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9 Tips for Preventing Video Call Fatigue
By Barbara Pronin
Recent surveys report about a third of American workers are currently working from home because of the COVID-19 pandemic. While many would happily trade office camaraderie and in-person meetings for the chance to work remotely, the overwhelming number of Zoom and Microsoft Teams meetings are also leaving many exhausted. In fact, there are more than 81 million results on Google search pages for ‘video call fatigue.’
Since our company has shifted to working more remotely, wanted to share a few ‘best practice’ tips for avoiding video call fatigue with our colleagues:
  1. Evaluate the importance, frequency and length of video meetings - Don’t hold them for tradition’s sake alone. If you only need 15 minutes, schedule only that slot of time.
  2. Before scheduling a video meeting, consider other options - For example, the Microsoft Teams ‘send a chat’ or ‘work on a file together’ features can encourage and facilitate collaboration by other means.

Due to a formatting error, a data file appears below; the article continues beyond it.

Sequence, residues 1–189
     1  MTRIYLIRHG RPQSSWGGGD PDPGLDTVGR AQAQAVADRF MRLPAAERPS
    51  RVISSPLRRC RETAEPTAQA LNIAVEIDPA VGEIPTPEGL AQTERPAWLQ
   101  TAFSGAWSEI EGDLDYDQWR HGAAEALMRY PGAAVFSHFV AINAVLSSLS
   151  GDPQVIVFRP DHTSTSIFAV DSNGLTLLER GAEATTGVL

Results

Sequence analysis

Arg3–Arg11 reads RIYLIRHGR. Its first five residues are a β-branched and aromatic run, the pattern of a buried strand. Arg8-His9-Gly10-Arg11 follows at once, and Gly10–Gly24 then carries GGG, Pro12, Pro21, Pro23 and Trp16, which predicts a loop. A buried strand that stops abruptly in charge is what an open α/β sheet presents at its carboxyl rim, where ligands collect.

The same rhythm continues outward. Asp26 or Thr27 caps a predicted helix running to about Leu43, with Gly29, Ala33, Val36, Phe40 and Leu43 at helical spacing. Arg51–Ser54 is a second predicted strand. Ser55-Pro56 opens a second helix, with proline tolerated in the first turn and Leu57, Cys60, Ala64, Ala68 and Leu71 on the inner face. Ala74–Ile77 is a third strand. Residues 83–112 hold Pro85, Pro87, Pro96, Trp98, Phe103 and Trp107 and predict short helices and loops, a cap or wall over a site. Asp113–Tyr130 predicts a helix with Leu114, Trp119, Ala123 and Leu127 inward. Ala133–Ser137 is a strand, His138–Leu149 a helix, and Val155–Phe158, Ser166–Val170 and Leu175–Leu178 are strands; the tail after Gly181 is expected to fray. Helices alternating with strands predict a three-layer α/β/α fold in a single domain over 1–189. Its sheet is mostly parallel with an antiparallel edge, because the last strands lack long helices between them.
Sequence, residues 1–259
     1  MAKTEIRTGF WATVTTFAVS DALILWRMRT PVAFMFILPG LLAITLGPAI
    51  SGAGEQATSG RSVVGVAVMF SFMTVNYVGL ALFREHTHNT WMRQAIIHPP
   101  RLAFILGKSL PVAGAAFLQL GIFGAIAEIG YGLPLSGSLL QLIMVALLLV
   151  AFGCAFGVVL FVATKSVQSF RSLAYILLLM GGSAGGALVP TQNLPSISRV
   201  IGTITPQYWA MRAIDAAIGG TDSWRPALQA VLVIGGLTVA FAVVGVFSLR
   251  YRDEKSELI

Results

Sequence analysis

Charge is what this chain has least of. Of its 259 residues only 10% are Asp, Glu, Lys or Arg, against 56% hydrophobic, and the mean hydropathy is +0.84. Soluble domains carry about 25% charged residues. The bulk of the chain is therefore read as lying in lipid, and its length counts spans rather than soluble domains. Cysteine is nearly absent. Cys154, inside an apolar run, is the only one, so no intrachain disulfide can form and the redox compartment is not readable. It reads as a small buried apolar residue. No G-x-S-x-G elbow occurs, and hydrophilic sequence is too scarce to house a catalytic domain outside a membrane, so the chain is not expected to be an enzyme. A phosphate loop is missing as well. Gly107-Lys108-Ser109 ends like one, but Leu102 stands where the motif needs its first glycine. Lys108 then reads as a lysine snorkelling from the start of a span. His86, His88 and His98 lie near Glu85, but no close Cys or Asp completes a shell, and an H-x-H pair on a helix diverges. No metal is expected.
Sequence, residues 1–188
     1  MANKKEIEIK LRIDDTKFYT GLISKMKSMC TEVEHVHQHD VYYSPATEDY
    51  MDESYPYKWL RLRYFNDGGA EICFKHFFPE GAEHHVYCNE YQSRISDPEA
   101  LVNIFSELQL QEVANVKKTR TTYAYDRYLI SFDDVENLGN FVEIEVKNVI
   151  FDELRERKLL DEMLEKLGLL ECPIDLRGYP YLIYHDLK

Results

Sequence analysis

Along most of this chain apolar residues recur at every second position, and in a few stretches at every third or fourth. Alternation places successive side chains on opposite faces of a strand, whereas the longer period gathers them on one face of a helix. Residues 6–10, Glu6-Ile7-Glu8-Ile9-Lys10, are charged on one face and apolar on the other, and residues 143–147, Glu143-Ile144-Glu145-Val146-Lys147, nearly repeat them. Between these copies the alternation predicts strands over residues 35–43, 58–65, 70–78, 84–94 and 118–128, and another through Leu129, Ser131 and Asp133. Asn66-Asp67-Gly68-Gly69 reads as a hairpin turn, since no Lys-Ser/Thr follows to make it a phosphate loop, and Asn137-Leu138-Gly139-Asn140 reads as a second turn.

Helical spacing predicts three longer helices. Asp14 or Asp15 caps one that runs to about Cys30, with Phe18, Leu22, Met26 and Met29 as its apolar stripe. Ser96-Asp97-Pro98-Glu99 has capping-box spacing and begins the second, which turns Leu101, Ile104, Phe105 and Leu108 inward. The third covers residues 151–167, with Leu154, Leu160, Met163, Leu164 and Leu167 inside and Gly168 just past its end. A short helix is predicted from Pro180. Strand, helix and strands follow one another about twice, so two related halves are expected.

3. Make the time invested in video calls feel productive - Begin by stating the clear objective for the meeting and, if others will speak, assigning a designated order can   help relieve stress about when to chime in.
  4. Part of video fatigue comes from absorbing many faces and non-verbal cues - For larger meetings, turn off your camera when you are not speaking and focus only on the person speaking. (In Microsoft Teams, use the pin feature.)
  5. Use the phone to take a break from the video screen - Make some conference calls audio only, or designate them as ‘walk and talk,’ so attendees know they can be screen-free.
  6. Help attendees transition between meetings - Build in break times by ending meetings a few minutes early or keeping them shorter than scheduled when possible.
  7. Build in video-free hours - Avoid scheduling meetings before 9 a.m. and after 4 p.m., and avoid noon and 1 p.m. to allow for a lunch break. 
Here are a couple of additional tips to help reduce stress for frequent video meeting attendees:
  1. Avoid too much multi-tasking - Trying to be ‘on a call’ while also trying to email, text or chat makes us more exhausted at the end of the day because the brain is processing too much stimuli at once.
  2. Escape your four walls and the computer screen - When making or taking business phone calls, go outside or into a different room just to enjoy a change of scenery. 
Barbara Pronin is an award-winning writer based in Orange County, Calif. A former news editor with more than 30 years of experience in journalism and corporate communications, she has specialized in real estate topics for over a decade.

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